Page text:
- Monitor system quite basic, with no active monitoring equipment for the user’s vitals.
- Pedal straps kept coming unsecured, stopping the workout as I re-secured them.
- Poor long-term choice of pull-chain strap in using cloth.
- Somewhat low max user weight.
7. First Degree Fitness Newport AR Water Rower: A Quirky, Fun Rowing Machine Experience
I’m not going to lie, when I first saw the AR I asked my friends, “Did someone order me one of those fancy vacuums?” It looks so unusual, with its bright primary colors and very prominent water tank. That said, I did grow to like the aesthetics of this machine. It’s got a distinct look, that doesn’t apologize for being unconventional.
Of course, that wouldn’t matter much if it didn’t work well. I’ve seen a lot of gear that looks great but wimps out in the end. Fortunately, that was not the case here. I really quite enjoyed the AR Rower.
Like the title says, the AR is a water-resistance machine, and uses a similar low-situated, horizontal water tank to the WaterRower we discussed earlier. It’s a much more prominent machine, however, with a much more robust looking metal frame. You can flip it and easily store it, but it’s a substantial beast even in a vertical posture. This is an idol in the Iron Church, and it deserves a dedicated space.
Also, it may sound odd to compare this to other water rowers because water is water, but I quite liked the sound of the machine as I used it. It’s a bit noisier than the WaterRower, but the sound just sounded so natural I ended up enjoying it. It sounded like I was genuinely rowing. I also appreciated the USB connectivity for computers running fitness apps, allowing easy connection to my online monitoring of my workout.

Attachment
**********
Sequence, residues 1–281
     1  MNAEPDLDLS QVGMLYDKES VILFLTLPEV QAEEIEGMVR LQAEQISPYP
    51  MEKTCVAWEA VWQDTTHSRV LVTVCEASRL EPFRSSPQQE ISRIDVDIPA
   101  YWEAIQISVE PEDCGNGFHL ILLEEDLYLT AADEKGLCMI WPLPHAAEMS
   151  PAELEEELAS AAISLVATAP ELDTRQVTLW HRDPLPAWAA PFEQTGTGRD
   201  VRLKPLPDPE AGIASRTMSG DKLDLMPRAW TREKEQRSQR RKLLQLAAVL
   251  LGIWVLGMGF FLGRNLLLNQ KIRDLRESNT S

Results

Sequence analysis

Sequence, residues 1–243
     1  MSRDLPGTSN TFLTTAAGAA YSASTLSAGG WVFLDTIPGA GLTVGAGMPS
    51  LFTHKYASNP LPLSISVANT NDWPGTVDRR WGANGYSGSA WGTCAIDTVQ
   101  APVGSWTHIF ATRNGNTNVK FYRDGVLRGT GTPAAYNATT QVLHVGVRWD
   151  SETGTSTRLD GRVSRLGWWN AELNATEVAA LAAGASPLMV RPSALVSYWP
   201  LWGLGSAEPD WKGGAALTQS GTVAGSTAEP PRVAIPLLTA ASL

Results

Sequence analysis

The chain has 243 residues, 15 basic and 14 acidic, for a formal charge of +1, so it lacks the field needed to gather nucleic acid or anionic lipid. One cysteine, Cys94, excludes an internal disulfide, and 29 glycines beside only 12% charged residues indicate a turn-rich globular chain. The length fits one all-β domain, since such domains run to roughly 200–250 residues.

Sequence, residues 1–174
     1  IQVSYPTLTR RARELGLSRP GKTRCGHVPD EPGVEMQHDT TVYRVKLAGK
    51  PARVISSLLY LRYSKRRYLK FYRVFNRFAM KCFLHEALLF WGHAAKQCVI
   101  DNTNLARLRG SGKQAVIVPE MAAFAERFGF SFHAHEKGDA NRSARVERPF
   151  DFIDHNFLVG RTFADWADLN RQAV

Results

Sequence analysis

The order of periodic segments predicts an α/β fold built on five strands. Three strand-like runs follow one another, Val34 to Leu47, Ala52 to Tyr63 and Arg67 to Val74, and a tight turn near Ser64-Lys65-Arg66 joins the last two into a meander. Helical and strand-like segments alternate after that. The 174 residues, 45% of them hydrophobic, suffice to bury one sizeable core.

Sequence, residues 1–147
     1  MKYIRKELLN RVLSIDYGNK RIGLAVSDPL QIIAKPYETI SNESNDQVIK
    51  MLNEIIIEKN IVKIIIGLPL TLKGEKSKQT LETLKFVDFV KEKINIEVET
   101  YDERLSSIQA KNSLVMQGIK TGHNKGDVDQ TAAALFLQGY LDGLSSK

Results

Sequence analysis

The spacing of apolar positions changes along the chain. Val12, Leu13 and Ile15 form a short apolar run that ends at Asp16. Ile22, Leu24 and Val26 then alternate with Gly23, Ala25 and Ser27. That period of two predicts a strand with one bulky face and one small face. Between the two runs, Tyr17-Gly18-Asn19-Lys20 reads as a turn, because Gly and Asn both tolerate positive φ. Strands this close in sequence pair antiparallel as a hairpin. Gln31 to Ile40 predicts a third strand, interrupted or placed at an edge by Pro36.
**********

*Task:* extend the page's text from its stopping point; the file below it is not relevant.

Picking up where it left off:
There are some quirks I wasn’t as fond of, of course. Water does provide a degree of dynamic resistance, but eventually you have to adjust a dial to increase or decrease the resistance levels to suit a workout. This wouldn’t be so bad, but the change in resistance lagged a bit; it frequently took up to a minute for me to feel the change in the resistance levels, which threw off my rhythm a bit.
That said, it’s a comfortable ride and the fixed footing surfaces meant balance problems never plagued my rowing.
- Very comfortable, natural feeling rowing ride.
- USB and app support for monitoring.
- Chest-strap compatible.
- Substantial max user weight capacity.
- Long Warranty.
- Quirky, unique appearance.
- Nicely priced for a water-resistance rower.
- Weird delay in resistance changes.
- On-board monitor a bit basic.
- Rather light max resistance for a water-rower, disappointingly so in the end.